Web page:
A 28-year-old woman was killed and her two children were abducted and later found “unharmed.” Two suspects have absconded and investigators seek public support in tracing them.
An amber alert went active for a 3-year-old girl who was abducted after her mother was killed in Charlotte, North Carolina, on Aug. 12.
The 28-year-old mother, Aiesha Shantel Summers was allegedly killed by Edward Garner, 35, who also abducted her two children Aziyah Garner, 1, and Dior Muhammad, 3, said the Charlotte-Mecklenburg Police Department in a statement on Twitter.
“A female was located with a gunshot wound inside of an apartment and was pronounced deceased on scene,” the police said in a homicide notification on Twitter.
Police said Edward Garner is in the company of another 18-year-old man by the same name. Police refer to him as Edward Garner Jr.
“He’s considered armed and dangerous and was last seen driving a white 2000 S430 Mercedes,” the police said.
The Charlotte-Mecklenburg Police Department later updated that all the children have been located.
“All of the children have been located safe and unharmed. The suspect, Edward Silk Garner, Sr., has not been located,” said the police in an update on Twitter.
UPDATE: All of the children have been located safe and unharmed. The suspect, Edward Silk Garner, Sr., has not been located. pic.twitter.com/EUj3oBPFwQ
— CMPD News (@CMPD) August 13, 2019
In an update, the police later said in a message that they had located Aziyah Garner “safe and unharmed” with a relative in the Independence Divison.
The 3-year-old, Dior Muhammad was located on Tuesday morning with a relative at Trade Street in Central Division.
“Anyone with information is asked to call 704-432-TIPS and speak directly to Homicide Unit Detective,” the Police said in a homicide update.
UPDATE: Aziyah Garner has been located, safe and unharmed. pic.twitter.com/HnVmrPpnOZ
— CMPD News (@CMPD) August 13, 2019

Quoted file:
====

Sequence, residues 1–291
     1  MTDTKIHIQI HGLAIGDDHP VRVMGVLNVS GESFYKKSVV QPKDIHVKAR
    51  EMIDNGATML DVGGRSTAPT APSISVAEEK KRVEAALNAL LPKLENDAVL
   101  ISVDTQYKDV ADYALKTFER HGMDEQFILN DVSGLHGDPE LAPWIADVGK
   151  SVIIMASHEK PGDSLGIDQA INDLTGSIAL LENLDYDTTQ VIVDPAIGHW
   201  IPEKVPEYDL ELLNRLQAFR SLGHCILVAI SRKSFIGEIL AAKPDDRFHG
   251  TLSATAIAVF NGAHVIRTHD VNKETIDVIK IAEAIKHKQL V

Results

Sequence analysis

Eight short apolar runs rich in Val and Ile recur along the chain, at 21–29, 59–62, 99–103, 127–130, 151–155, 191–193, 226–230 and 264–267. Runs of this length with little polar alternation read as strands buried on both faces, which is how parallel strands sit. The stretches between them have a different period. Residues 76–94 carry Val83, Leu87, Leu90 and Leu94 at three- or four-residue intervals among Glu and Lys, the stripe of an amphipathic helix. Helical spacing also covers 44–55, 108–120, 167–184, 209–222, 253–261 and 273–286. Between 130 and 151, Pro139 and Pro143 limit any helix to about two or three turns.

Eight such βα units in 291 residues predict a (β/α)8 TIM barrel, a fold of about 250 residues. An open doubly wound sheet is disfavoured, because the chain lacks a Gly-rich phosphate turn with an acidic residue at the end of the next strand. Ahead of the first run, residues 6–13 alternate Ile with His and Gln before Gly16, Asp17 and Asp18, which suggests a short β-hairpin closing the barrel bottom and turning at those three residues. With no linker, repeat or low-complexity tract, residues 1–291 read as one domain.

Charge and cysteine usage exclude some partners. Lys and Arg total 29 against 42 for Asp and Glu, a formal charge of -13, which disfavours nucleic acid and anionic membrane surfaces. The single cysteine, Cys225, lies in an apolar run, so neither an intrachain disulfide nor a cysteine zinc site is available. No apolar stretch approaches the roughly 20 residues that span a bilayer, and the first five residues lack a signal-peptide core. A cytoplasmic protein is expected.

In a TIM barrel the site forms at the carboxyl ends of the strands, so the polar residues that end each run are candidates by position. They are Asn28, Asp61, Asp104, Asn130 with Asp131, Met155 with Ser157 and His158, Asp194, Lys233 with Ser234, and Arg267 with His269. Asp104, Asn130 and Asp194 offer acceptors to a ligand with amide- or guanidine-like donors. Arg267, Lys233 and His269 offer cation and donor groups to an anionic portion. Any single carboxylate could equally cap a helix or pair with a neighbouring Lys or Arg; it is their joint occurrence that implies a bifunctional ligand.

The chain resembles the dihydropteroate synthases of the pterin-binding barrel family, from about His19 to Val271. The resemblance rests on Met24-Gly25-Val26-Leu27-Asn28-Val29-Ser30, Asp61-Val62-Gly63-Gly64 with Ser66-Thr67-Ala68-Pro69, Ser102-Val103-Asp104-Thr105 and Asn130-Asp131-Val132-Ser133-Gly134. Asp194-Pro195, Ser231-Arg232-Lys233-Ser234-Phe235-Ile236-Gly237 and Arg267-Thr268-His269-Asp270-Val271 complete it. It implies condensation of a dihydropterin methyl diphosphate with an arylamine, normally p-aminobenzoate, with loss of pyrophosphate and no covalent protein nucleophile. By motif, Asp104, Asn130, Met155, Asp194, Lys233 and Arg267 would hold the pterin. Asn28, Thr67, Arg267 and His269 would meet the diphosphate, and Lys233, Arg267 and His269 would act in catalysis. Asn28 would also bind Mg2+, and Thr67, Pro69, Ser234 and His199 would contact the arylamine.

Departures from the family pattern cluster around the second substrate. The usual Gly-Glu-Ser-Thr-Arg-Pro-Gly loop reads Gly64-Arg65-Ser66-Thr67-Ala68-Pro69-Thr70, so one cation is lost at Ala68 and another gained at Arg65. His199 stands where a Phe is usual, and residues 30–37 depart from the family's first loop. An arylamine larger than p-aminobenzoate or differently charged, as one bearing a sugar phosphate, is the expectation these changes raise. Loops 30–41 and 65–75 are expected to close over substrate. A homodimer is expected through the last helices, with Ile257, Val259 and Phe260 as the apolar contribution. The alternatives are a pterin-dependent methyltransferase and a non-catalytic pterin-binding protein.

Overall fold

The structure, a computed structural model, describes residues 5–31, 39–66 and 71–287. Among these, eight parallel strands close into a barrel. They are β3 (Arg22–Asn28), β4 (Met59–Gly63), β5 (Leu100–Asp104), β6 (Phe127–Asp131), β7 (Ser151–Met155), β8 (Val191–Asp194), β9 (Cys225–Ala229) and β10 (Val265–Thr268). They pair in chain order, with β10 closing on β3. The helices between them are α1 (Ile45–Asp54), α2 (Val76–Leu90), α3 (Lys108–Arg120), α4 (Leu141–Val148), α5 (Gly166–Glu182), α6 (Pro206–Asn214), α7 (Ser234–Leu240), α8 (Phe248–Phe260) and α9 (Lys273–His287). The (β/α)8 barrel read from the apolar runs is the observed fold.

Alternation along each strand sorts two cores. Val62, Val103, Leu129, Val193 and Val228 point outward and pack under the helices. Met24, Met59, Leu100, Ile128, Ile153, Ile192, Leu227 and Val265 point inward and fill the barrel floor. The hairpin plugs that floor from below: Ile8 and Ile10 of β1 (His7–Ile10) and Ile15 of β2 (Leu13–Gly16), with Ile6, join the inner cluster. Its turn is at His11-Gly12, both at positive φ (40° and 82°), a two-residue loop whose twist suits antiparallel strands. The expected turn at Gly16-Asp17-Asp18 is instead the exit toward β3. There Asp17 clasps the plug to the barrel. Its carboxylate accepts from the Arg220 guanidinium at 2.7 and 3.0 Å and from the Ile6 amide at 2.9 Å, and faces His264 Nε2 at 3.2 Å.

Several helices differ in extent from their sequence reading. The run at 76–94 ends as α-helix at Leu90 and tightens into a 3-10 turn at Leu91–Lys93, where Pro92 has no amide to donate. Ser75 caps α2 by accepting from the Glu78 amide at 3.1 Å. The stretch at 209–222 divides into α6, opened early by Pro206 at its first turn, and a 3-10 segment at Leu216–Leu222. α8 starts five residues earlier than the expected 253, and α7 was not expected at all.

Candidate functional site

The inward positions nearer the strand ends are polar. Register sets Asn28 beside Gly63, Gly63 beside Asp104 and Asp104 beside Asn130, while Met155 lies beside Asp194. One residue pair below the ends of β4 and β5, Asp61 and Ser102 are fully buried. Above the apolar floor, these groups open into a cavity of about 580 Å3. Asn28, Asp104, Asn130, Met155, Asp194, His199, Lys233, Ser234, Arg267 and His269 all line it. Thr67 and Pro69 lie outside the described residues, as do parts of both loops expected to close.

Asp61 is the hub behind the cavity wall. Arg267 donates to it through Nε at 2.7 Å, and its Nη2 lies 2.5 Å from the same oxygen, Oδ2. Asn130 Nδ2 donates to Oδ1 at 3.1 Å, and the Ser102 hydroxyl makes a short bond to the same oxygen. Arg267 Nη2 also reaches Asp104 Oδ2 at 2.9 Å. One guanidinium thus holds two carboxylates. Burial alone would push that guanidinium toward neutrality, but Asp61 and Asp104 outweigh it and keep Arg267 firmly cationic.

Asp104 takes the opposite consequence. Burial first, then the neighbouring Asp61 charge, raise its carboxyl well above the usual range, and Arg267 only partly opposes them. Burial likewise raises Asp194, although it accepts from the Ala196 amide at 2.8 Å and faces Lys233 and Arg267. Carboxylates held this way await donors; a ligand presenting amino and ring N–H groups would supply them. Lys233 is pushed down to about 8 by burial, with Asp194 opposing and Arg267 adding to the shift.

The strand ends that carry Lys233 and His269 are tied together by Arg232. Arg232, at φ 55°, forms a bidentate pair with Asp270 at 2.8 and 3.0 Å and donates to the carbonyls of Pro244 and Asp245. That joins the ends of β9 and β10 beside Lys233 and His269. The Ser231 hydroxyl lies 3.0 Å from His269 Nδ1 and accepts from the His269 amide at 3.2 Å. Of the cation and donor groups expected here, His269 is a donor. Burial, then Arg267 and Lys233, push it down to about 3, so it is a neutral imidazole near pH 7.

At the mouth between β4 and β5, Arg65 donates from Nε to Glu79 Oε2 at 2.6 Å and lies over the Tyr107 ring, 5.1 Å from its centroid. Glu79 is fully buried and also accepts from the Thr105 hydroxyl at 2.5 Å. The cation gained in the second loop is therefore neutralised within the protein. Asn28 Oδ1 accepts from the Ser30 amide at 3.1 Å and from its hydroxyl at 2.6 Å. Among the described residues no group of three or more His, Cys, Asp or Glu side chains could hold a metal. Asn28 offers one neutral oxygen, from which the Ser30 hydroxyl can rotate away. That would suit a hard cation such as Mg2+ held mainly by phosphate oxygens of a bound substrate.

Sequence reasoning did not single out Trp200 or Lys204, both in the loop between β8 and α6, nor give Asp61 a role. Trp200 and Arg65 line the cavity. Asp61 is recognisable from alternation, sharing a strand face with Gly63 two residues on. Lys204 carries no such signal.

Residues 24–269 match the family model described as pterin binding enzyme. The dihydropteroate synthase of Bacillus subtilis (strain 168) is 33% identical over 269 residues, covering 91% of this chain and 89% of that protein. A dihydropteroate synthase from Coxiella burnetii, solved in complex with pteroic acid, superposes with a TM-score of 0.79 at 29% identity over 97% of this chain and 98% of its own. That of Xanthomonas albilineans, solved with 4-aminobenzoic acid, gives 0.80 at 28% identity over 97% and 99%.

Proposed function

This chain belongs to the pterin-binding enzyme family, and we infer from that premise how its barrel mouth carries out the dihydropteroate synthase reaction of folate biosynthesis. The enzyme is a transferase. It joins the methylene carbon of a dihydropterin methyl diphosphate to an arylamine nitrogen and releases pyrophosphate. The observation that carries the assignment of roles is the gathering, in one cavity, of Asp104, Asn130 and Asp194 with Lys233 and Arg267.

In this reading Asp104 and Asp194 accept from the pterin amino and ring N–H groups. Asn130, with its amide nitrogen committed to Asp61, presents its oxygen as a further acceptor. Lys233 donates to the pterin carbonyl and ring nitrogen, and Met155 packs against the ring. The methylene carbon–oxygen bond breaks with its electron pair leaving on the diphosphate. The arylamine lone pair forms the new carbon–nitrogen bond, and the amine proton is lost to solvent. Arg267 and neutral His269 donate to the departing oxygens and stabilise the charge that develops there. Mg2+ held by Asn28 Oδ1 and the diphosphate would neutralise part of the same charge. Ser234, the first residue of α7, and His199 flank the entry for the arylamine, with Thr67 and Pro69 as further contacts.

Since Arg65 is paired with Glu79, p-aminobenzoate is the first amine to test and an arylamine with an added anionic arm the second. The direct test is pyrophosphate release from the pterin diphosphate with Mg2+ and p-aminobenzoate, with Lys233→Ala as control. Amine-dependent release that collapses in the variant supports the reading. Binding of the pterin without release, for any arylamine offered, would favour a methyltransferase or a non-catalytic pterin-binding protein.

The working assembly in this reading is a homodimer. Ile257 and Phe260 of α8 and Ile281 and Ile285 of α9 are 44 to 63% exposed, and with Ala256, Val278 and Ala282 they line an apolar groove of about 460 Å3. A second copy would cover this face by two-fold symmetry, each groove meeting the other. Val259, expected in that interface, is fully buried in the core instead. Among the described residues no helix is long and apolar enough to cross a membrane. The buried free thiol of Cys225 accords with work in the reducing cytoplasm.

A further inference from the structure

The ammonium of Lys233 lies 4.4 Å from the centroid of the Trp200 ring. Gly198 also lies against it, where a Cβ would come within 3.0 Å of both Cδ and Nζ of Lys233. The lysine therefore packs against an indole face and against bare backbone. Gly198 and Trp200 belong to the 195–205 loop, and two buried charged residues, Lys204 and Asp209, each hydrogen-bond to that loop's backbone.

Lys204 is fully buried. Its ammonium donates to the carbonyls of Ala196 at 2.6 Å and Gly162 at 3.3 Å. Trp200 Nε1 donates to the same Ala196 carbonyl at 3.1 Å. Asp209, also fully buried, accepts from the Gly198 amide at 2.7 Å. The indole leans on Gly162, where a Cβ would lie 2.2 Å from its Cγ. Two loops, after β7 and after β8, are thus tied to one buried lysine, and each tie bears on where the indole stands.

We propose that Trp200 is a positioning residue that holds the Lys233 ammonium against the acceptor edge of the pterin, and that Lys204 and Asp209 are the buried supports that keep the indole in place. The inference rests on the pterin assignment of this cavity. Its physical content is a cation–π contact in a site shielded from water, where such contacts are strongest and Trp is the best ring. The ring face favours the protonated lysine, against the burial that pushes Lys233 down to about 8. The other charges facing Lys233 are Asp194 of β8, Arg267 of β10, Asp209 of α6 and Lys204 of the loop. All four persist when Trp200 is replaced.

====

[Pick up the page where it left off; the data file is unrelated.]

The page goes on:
Missing Children in the United States
According to the FBI, there were 424,066 entries for missing children in the National Crime Information Center and 464,324 in 2017, reported the National Center for Missing and Exploited Children (NCMEC).
NCMEC’s national toll-free hotline, 1-800-THE-LOST® (1-800-843-5678) received 4.8 million calls for missing children in the past 35 years and helped in the recovery of 296,000 missing children.
There are always those missing children who are never located or are found months, years, or even decades later. There are cases of missing children in the United States that have remained unsolved in the past many years.
In one case on Oct. 4, 2011, Baby Lisa Irwin went missing from her crib in Kansas City, Missouri. The 10-month-old was checked by her mother, Deborah Bradley, the previous night at 10:30 p.m. Her father, Jeremy Irwin, later discovered she was missing when he came back home from a late-night shift at 4 a.m.
According to ABC News, no arrests have been made in the case and Irwin is still missing. Irwin, who is blue-eyed and blond-haired, would have turned 8 on Nov. 11, 2018.
There have also been rare cases, such as that of the three children who went missing for 11 years and shocked the country when they were reunited with their families on May 6, 2013.
Amanda Berry, 27, Gina DeJesus, 27, and Michele Knight, 32, were abducted in 2002 and got free after one of them escaped their abductor who had held them in a Cleveland home, reported ABC News.
What to Do if a Child Goes Missing?
For anyone that needs help with a child gone missing, Safe Wise suggests the following actions:
You should call law enforcement as soon as possible instead of spending time looking for the child yourself. There’s no waiting time for children below 18 years of age and the child’s name will be added to the FBI’s National Crime Information Center (NCIC) Missing Person File immediately. A Be On the Look Out (BOLO) alert will be sent to all nearby police jurisdictions.
Present facts about your missing child in an organized way so that authorities can do their work swiftly. Keep a picture of the child that clearly shows the child’s distinguishable characteristics.
After law enforcement agencies have been notified, you can start looking for the child in your vicinity.
Make sure you are available to coordinate with law enforcement in the search efforts during the next 48 hours—this period is very critical.
Once you have informed the local authorities, they can also contact the National Center for Missing and Exploited Children at 1-800-THE-LOST (1-800-843-5678) who can assist you and the authorities in your search.